STEM Central

A Community of Practice for NSF STEM Projects

At the Soul of Leadership – the Center for the Advancement of STEM Leadership

At the Soul of Leadership – the Center for the Advancement of STEM Leadership

When I left my tenured position at Hampton University ten years ago, I envisioned having an impact on STEM research and education at ALL Historically Black Colleges and Universities (HBCUs). My career at my alma mater spanned 22 years and I held many positions - starting as an instructor, ending as the dean of the School of Science. Since then, I have worked tirelessly as the lead program officer for the HBCU-Undergraduate Program at the National Science Foundation to ensure that funding opportunities exist for HBCU STEM faculty to strengthen STEM education and research at these vitally important institutions. Through HBCU-UP, faculty can get funding for STEM research, education, and institutional transformation activities. A few years ago, I realized that HBCU faculty needed more significant funding to conduct research in and disseminate findings of those factors that contribute to the fact that HBCUs have been so successful in educating and graduating African American students in STEM areas. Therefore, beginning with the solicitation NSF 16-538, HBCU-UP announced a call for Broadening Participation Research Centers. These centers, housed at HBCUs, are “expected to represent the collective intelligence of HBCU STEM higher education, and serve as the national hubs for the rigorous study and broad dissemination of the critical pedagogies and culturally sensitive interventions that contribute to the success of HBCUs in educating African American STEM undergraduates” [1]. 

It is with distinct pleasure, great honor, and personal joy that I introduce you to the inaugural such center, the Center for the Advancement of STEM Leadership (CASL). I cite from the award abstract: “CASL uses a groundbreaking scholarly approach based in the success of HBCUs in broadening participation while also taking advantage of established and culturally-responsive research and theoretical frameworks. CASL is thus able to generate, analyze, and interpret broadening participation research questions about academic leadership. Designed to be the nation's premier research center examining and determining the kind of academic leadership that broadens the participation of African Americans and other underrepresented groups in STEM, CASL will use its knowledge to contribute to the development of next-generation HBCU leaders who can themselves contribute to continued broadening participation efforts” [2].

The Center for the Advancement of STEM Leadership is a collaborative effort between the lead institution the University of the Virgin Islands (NSF award #1818425), and its partners: North Carolina A&T State University (NSF award #1818459), Fielding Graduate University (NSF award #1818424), and the Association of American Colleges and Universities (NSF award #1818447). The principal investigators are Drs. Goldie Byrd, Kelly Mack, Camille McKayle and Orlando Taylor.  The center is funded at $9 million for a five-year period.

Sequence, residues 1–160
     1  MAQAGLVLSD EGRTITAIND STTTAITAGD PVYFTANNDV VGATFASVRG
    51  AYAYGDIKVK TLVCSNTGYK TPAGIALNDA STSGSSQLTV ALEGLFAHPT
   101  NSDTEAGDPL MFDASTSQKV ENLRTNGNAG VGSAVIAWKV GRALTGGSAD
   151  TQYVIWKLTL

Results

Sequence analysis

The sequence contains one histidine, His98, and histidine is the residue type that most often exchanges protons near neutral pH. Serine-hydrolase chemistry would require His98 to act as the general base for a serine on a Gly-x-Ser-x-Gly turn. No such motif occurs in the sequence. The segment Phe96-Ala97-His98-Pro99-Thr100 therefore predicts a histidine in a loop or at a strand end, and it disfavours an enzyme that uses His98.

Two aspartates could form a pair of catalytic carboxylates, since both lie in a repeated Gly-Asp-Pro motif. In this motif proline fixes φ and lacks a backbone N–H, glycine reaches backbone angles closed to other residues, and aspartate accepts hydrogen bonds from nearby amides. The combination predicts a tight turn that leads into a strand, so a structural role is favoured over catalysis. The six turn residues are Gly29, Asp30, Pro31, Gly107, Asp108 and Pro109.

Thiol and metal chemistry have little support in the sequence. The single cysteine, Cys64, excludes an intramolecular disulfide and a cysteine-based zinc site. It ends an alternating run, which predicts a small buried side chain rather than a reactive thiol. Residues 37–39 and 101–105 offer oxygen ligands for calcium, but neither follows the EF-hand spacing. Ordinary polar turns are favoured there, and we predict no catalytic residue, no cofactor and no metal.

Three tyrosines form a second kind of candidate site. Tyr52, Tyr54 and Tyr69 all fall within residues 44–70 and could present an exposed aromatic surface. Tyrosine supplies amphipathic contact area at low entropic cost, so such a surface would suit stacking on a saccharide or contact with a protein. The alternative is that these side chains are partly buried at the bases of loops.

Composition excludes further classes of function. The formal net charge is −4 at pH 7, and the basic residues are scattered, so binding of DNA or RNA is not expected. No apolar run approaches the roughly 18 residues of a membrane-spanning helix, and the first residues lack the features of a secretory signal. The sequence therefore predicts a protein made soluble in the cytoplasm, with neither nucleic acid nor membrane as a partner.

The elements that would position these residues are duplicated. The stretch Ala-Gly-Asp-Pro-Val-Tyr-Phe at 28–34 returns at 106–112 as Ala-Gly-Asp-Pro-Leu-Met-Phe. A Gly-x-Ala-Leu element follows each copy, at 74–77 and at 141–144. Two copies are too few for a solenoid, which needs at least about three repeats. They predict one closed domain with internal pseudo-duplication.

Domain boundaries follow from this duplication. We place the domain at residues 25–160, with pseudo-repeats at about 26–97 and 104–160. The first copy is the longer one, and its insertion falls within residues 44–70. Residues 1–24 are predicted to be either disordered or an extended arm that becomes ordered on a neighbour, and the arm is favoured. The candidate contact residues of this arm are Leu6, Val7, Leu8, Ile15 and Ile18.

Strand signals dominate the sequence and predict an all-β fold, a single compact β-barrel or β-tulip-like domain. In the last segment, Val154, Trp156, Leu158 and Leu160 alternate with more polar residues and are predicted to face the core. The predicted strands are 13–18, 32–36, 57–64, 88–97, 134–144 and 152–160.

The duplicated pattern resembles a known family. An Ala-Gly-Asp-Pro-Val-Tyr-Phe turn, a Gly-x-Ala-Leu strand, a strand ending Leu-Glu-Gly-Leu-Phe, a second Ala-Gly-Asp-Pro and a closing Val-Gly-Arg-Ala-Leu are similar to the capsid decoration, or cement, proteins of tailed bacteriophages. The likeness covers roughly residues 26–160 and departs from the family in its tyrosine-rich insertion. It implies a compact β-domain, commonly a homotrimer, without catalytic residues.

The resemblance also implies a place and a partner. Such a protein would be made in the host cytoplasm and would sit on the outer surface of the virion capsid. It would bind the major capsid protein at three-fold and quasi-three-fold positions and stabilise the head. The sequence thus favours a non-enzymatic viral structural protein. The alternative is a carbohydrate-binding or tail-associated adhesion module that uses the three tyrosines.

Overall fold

A recent report in the Chronicle of Higher Education’s Almanac of Higher Education by Peter Monaghan entitled:  The Making of a First-time President examines the factors that contribute to the success of many first-time presidents, including those at HBCUs [3]. Mentoring and leadership- training programs are described as being significant. But while the report hints at the importance of institutional culture and context, it does not convey that element as being at the core of and critical to leadership development.

This is where CASL’s contribution to the issues of leadership is vital, groundbreaking, and I dare say a little revolutionary. On CASL’s website one can learn what it means to be “At the Soul of Leadership” – to use the HBCU institutional context as a guiding framework in determining the correlation between leadership and broadening participation in STEM [4].  Guiding frameworks that use the context of HBCUs have been largely missing from the literature on leadership, as well as on STEM undergraduate education reform. Hence, I am excited that this is the first of many such centers to conduct studies to fill this void and to conduct research on HBCUs by HBCU faculty and experts at HBCUs and at their partner organizations that value and understand the HBCU context.

Please join me in congratulating the team of CASL PIs, researchers, administrators, and staff as we look forward to the groundbreaking work of this center.

With best wishes – Claudia

Claudia Rankins, Ph.D.
Senior Program Officer, HBCU-UP
Division of Human Resource Development
National Science Foundation